In 1892 Emanuel Ciner opens a fine jewelry company on Maiden Lane in Lower Manhattan. With a small, but uniquely skilled staff, he creates stylish gold and platinum pieces, including a patent for an “Improved Ear-Ring”
In the 1920’s, Emmanuel’s sons, Irwin and Charles, joined the business as apprentices. Working at Ciner until 1958, at the age of 92, Emanuel Ciner would pass down the legacy of fine jewelry craftsmanship to his sons and grandchildren.
Irwin Ciner was instrumental in improving the company’s rubber molding, casting, and enameling techniques. Charles Ciner led the company’s very successful sales team
With the onset of Black Tuesday in 1929, the demand for fine jewelry virtually disappeared. To both stay in the business they loved and avoid being saddled with the debt of Depression-battered customers, the Ciners became the first and only American fine jewelers to make the switch to manufacturing high-quality costume jewelry. Recognizing the need for quality costume jewelry with the same appeal as fine jewelry allowed Ciner to survive the Great Depression.
In 1930, the Ciners created their own line of fine costume jewelry, first in silver, then in white metal. With its success, the family business was rapidly becoming specialists in high-quality costume jewelry, working to master and to develop a special kind of rubber needed to make molds that could stand up to heated, liquid metals. Throughout the 1930’s, Emanuel, Irwin, and Charles Ciner were responsible for a variety of technical innovations in costume jewelry including perfecting the use of white metal, a strong but workable blend of tin and other metals. They also contributed to the development of induction casting, and helped develop a special kind of vulcanized rubber that could withstand heated molten metals.
"The CINER name at once signified the very finest in quality jewelry of this relatively new genre, a distinction that remains to this day"
Like any resourceful American entrepreneur; Irwin enlisted the help of the family dentist, a specialist in molding perfectly smooth inlays, to help develop a higher-quality jewelry molding method than existed at the time.
Ciner introduces its famous compact cases
During WWII, consumer use of metal was severely restricted. This almost bankrupted CINER- until the family offered its unique molding technologies to the US military. Used for munitions and other applications, these war time efforts kept the Ciners in business
“In 1946, Ciner starts advertising in national magazines such as VOGUE and Glamour with the slogan, “Look for the Sign of Ciner”
In the mid-1950s, Ciner introduces its design of compacts and lipsticks, popular with many Hollywood starlets. Working at Ciner until the week before his death, in 1958, Emanuel Ciner dies at the age of 92, passing down the legacy of fine jewelry craftsmanship to his sons and grandchildren. “Nobody has to make jewelry this exquisite” advertising campaign launches in The New Yorker and VOGUE.
In 1966, A Ciner necklace is featured on the cover of VOGUE. n the mid-1960’s, Ciner continues selling to some of the best retailers and department stores in the country, including Saks Fifth Avenue, Bergdorf Goodman, Neiman Marcus, and Lord & Taylor. Ciner also sells to specialty stores around the world in cities like Paris, London, and Tokyo. Elizabeth Taylor discovers Ciner at the Mariko boutique in New York City, becoming a long-standing customer and collector of Ciner for the rest of her life.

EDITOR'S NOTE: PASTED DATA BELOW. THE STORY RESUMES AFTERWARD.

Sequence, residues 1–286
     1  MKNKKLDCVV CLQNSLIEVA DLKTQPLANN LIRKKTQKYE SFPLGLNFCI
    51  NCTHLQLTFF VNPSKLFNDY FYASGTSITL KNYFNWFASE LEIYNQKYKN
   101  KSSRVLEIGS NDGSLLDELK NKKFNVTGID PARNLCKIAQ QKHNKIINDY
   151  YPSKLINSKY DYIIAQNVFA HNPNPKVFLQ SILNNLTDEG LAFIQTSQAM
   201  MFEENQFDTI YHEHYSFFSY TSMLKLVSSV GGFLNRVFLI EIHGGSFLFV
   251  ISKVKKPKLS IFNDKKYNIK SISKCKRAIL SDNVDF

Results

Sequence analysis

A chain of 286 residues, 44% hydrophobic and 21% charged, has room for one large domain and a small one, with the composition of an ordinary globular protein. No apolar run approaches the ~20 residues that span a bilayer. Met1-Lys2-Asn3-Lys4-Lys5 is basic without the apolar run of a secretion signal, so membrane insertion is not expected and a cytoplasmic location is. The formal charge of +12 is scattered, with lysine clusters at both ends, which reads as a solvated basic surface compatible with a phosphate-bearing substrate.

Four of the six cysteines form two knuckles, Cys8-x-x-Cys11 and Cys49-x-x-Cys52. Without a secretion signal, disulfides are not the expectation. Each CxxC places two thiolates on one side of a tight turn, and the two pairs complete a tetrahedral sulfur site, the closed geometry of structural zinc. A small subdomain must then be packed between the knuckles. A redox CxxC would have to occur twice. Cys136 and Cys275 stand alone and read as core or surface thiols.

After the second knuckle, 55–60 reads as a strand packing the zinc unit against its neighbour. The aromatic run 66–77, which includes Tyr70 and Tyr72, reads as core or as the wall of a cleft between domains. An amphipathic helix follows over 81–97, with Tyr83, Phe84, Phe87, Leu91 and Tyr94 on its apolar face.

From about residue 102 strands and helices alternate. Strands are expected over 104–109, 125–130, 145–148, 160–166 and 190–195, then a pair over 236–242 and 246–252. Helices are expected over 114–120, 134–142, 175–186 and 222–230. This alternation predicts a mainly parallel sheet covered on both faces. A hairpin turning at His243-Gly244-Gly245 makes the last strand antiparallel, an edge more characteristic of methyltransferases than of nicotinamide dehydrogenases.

In 1979, Irwin’s daughter (and Emanuel’s granddaughter), Pat Ciner Hill, assumes control of Ciner together with her husband, David Hill. Pat comes on board during an economic downturn, just as her father did during his first decade in the business with the Great Depression. Instinctively, she senses that costume jewelry was about to have a moment, “Like it always does when times are tough economically.”
David Hill, who brought his love of costume jewelry, appreciation of fine designs, and mechanical knowledge, successfully led the family business with Pat for the next several decades until his passing in 2008. In 1984, Jean Hill becomes the fourth generation of Ciner to join the family business, leading the company with her parents, and continuing the legacy of producing and manufacturing high quality costume jewelry in NYC.
"Most of the companies that entered the costume jewelry business in the early days came from shoe buckle manufacturing or started as costume jewelers, adds Pat Hill. Our company had the very best understanding of the creative and manufacturing processes that went into the design of precious jewelry."
The Hills prepared through diversification, complementing their archive of superlative, conservative classics with animal head pins, bold cuff bracelets, semi-precious beads, pearls, and crystals, and younger and slightly less formal looks.
In 1992, Ciner celebrates its 100th Anniversary- a milestone recognized by the New York Times, Women’s Wear Daily, fashion magazines and by many admirers of the Ciner tradition. Ciner starts designing and selling private label collections to retailers and designers worldwide
Ciner is featured in W Magazine’s iconic July issue with Angelina Jolie and Brad Pitt shot by Steven Kline. In this famous story “Domestic Bliss”, Angelina wears Ciner earrings in several of the photographs.
2015 saw the launch of Ciner’s first website.
Today, 127-years later, CINER remains family owned and operated, and the only surviving fine costume jewelry company left that designs, manufactures, and produces each piece by hand, all in its New York City atelier.